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Tension and playability.

Discussion in 'Strings [BG]' started by Diesel Kilgore, Jul 27, 2012.


  1. I have GHS Super Steels on my Jag and the tension is starting to bug me. They sound great and are loud, but it's almost like I need a pick just to play. Seems like finger plucking just doesn't get the sound out of them unless i'm really plucking hard on the strings.

    Anyone else have this problem with high tension strings? I don't know how high of a tension the GHS's SS's are considered to be. But i'm thinking of just going with EB Super Slinky's and being content with the ease of tension, or go buy some picks. :meh:
     
  2. knuckle_head

    knuckle_head Commercial User

    Jul 30, 2002
    Seattle
    Owner; Knuckle Guitar Works & Circle K Strings
    If you like the sound/brand just get thinner gauges . . . .
     
  3. FunkMetalBass

    FunkMetalBass

    Aug 5, 2005
    Phoenix, Arizona 85029
    Endorsing Artist: J.C. Basses
    Sounds like you like a clickier sound from the pick attack. You may be better off lowering your strings and emulating that with some fret click, or getting lighter strings as knuckle_head has suggested. You might even consider just playing with a pick since you like how it sounds.
     
  4. BassPlayer900

    BassPlayer900

    Oct 19, 2011
    This
     
  5. Shardik

    Shardik

    May 24, 2011
    Halden, Norway
    Are you turning up the amp enough? Lately I have found myself turning up the amp a bit more and softening the picking of the strings.

    When it comes to using fingerpicking vs a pick, those produce very different sounds. I rarely use a pick on my basses, but when I do, it is because I want the sound of that pick attack.

    I do not have experience with your bass or your string set, but I am sensitive to differences in tension. I use balanced or progressive tension on my guitars and basses, Especially bass sets tend to have to high tension in the D string for my liking (compared to the G and A strings), while the E-string often feels a bit sloppy. I sometimes drop tune the E-string to D, and then it can't be sloppy to begin with.

    When you say your bass have too high string tension, does that go for all the strings?

    Edit: BTW, the last set I got was 45-60-80-105. That is not low tension, but the tension is pretty balanced throughout the string set.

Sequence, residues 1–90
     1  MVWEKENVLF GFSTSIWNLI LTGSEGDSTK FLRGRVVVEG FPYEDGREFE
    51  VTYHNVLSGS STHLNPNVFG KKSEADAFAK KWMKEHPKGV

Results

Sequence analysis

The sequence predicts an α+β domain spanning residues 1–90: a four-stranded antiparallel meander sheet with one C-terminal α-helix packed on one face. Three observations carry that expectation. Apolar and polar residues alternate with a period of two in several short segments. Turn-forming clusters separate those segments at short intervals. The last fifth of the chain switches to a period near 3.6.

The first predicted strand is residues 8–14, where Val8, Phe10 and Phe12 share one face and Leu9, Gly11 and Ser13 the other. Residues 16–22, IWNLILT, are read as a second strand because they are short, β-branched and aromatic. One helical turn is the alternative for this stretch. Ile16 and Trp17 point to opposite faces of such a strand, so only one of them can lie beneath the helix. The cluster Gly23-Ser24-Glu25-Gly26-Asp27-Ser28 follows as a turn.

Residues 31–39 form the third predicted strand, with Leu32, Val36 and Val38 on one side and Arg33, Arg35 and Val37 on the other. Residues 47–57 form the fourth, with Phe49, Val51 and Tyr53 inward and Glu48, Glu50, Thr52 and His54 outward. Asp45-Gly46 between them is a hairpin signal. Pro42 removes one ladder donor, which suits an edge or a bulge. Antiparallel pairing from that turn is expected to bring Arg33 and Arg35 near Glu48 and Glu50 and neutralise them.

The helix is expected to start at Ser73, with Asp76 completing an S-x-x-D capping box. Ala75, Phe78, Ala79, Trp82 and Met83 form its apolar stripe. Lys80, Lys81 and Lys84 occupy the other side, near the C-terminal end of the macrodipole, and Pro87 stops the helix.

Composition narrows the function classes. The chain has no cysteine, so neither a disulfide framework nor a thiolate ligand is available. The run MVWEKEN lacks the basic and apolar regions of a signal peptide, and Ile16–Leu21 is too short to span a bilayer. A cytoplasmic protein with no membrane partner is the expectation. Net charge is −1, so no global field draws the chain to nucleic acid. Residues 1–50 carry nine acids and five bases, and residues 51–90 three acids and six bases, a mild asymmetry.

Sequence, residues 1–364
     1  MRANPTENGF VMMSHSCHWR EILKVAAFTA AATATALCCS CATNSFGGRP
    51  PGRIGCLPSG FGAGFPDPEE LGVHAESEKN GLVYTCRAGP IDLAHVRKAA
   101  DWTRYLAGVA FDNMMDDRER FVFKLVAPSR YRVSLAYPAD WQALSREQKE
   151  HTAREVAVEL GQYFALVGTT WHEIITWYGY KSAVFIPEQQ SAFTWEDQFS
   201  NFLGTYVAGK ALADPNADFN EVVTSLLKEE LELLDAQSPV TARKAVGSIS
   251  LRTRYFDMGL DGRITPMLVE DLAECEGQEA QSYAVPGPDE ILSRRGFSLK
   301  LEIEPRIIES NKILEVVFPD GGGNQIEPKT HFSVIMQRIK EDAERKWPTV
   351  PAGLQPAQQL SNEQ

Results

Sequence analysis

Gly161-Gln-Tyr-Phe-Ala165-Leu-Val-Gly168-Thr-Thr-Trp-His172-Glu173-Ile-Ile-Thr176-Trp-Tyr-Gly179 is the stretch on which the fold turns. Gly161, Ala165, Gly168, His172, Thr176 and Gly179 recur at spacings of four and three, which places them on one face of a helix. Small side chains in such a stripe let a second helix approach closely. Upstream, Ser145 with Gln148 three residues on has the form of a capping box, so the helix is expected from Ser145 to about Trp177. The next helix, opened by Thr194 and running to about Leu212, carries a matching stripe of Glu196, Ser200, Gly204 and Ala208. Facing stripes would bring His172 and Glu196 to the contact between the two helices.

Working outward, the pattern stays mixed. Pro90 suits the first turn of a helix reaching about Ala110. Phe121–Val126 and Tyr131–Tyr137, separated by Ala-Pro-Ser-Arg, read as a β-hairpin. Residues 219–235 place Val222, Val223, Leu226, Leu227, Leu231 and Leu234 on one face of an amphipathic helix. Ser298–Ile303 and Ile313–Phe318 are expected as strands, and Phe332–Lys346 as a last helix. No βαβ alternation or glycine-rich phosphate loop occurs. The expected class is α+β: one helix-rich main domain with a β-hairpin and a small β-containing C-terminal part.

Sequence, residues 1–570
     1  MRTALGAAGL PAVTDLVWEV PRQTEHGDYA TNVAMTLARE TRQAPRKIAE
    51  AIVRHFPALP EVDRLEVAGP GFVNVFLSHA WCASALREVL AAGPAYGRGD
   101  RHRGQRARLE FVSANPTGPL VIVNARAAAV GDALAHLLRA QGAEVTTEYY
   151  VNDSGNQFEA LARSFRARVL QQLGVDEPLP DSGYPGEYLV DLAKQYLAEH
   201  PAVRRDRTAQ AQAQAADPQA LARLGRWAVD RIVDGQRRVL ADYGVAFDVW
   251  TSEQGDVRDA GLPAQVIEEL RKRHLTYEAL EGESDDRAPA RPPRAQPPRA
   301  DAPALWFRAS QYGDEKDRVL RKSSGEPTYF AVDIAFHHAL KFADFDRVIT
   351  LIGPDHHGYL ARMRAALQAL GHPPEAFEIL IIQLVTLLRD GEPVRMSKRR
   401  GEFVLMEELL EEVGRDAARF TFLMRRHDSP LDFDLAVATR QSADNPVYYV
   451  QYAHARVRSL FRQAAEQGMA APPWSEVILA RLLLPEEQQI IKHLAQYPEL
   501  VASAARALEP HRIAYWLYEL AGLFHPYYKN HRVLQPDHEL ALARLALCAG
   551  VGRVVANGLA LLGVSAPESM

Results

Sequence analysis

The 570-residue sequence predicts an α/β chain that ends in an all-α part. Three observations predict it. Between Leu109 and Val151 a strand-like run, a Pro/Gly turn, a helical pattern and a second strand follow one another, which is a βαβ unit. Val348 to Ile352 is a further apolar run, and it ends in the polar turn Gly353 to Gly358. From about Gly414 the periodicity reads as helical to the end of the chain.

6. Arvin

    Arvin Underwound Supporting Member

    Sep 26, 2008
    On the bench
    When I first started using higher-tension strings, I was not too impressed with the result, but when I tweaked my action down just a little bit, things got a LOT better. I don't know how your action is set, but you may wish to give that a try.

    FWIW, I find playing faster triplet figures, grace notes, and little percussive ghost note kinds of things much easier with a higher tension string. I like my strings to push back a bit. It might just be me, though.
     
  7. I do enjoy the clickier sound of a looser string. I've never used picks before but i've always used the Super Slinky's and that's what i've become used to.

    Pretty much all of them are tense, the loosest obviously being the E, but it's still pretty tight, D seems to be the tightest and the hardest to get the sound out of. I keep my amp just loud enough not to disturb the rest of the house, but enough to definately hear it well, I keep it close to me as i'm playing too. My action at the 12th fret is 3/16" from the fretboard to the bottom of the string.

    And after posting this I went and bought some picks to try it out, which is a first for me. I do like the way the strings sound, they are great, so i'd hate to dump them just because of the tension.
     
  8. darkstorm

    darkstorm

    Oct 13, 2009
    Get lighter gauge set of them if you otherwise like them. Yes high tension is annoying and detrimental to best playing imo. Doesnt sound as good either either in my experience of trying diff gauges of same brands.
     

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